Hydro-Québec and the city of Lac-Mégantic are inaugurating the energy microgrid in Lac-Mégantic’s new downtown.

In the wake of the July 2013 rail disaster, the city of Lac-Mégantic looked to the future and chose to rebuild its central district by positioning itself as a leader in the energy transition. The outcome of a collaborative effort initiated in 2018 by Lac-Mégantic and Hydro-Québec, the microgrid is a living laboratory that brings together leading-edge energy technologies.

“Lac-Mégantic wants to contribute to Québec’s energy transition,” said Julie Morin, Mayor of Lac-Mégantic. “We suffered an unprecedented environmental tragedy caused by factors including fossil fuel use. We had to rebuild better and rebound further. We looked to renewable energies, and innovation quickly emerged as a structuring and inspiring vision for our recovery. We are proud to be taking part in this major technological and social shift.”

“This smart grid project is positioning Lac-Mégantic at the centre of Canada’s transition to a clean energy future,” added Marie-Claude Bibeau, Minister of Agriculture and Agri-Food. “The city is a living laboratory, where new concepts are being tried and new technologies are being tested. The Government of Canada is proud to support this innovative project as it paves the way toward a greener future powered by clean electricity.”

Linked to Hydro-Québec’s main grid, the microgrid is equipped with solar panels installed on six buildings and connected to storage batteries, including an EVLO large-capacity unit. In the case of an outage, the batteries can supply downtown Lac-Mégantic with electricity for several hours. The microgrid can also store the surplus energy it generates and feed it back into Hydro-Québec’s main grid. In addition, smart building components were installed in a number of the downtown’s residential, commercial and institutional buildings so occupants can optimize the impact of the microgrid on their comfort and, ultimately, reduce their energy consumption.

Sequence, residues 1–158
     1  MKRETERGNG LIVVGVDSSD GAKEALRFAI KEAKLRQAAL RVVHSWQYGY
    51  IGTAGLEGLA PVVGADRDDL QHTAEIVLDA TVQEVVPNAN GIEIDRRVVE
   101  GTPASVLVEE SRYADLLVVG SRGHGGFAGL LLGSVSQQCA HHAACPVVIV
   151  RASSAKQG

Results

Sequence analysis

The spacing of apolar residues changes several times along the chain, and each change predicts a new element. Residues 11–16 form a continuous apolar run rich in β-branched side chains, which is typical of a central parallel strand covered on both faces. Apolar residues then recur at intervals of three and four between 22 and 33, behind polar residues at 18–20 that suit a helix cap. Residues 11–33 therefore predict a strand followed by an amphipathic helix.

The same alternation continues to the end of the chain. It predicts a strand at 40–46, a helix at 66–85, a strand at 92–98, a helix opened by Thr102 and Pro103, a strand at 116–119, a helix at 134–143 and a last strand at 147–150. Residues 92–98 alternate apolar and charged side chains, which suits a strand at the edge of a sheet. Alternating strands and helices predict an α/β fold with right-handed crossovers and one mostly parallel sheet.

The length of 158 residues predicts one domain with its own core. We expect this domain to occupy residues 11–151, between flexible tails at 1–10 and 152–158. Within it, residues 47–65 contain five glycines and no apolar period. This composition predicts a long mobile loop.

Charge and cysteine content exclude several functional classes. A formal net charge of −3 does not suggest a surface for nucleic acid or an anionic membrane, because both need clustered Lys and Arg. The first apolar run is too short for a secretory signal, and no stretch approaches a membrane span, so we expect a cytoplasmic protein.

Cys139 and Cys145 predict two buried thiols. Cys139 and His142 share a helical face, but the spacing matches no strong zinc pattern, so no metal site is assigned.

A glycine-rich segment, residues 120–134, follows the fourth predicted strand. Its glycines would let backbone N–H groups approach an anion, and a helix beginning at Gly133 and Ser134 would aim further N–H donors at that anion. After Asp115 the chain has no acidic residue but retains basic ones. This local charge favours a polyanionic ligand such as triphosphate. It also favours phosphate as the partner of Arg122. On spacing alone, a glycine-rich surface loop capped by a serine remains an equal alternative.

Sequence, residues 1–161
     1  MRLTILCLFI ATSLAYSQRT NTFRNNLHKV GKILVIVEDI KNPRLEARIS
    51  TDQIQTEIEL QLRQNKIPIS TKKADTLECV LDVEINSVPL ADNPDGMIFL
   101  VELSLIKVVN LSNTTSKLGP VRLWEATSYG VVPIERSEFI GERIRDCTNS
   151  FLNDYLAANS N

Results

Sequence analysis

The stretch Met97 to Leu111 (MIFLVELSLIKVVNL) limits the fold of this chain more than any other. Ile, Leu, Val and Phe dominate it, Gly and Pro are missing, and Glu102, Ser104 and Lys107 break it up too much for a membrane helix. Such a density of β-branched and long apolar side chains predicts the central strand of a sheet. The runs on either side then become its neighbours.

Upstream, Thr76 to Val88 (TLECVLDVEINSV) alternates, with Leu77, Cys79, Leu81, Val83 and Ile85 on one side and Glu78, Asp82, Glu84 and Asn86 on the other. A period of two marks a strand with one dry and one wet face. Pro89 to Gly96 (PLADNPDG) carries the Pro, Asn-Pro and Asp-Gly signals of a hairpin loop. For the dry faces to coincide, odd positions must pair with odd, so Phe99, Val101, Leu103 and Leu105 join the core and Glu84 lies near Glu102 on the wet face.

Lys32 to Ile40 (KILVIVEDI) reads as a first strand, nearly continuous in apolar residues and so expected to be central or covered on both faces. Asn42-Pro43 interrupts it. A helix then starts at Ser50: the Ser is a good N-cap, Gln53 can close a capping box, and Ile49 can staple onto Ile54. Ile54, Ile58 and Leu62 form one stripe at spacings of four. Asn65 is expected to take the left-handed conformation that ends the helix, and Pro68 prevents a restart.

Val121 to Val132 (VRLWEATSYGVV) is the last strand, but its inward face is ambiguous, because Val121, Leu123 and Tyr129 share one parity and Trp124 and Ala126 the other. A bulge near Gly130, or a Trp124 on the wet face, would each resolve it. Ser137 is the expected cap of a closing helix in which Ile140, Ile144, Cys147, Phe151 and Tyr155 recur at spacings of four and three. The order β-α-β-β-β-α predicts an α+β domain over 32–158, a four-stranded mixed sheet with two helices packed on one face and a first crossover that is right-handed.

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With the microgrid, Hydro-Québec is turning to technologies of the future to attain its objective to decarbonate its off-grid systems, which are not connected to the main grid.

“The deployment of a range of clean and renewable energy solutions within Lac-Mégantic’s new downtown sends a powerful message,” said Sophie Brochu, President and Chief Executive Officer of Hydro-Québec. “Thanks to the openness and cooperation of the citizens of Lac-Mégantic, we as a society will expand our knowledge of these technologies, which we can then implement elsewhere in Québec to reduce GHG emissions.”

The microgrid by the numbers

  • Nearly 30 interconnected buildings
  • Approximately 2,200 solar panels to generate electricity (close to 800 kW installed capacity)
  • Batteries that can store 700 kWh of energy
  • Fast-charge station for electric vehicles (240 V)
  • Smart home systems in about 20 apartments
  • Technology showcase (indoor exhibition and interactive station, outdoor interpretation route, microgrid pavilion being built)

Featured image: The Le Concerto building, laden with solar panels, is one of 30 attached to the clean-energy microgrid of Lac-Megantic, Que. (Hydro-Québec)


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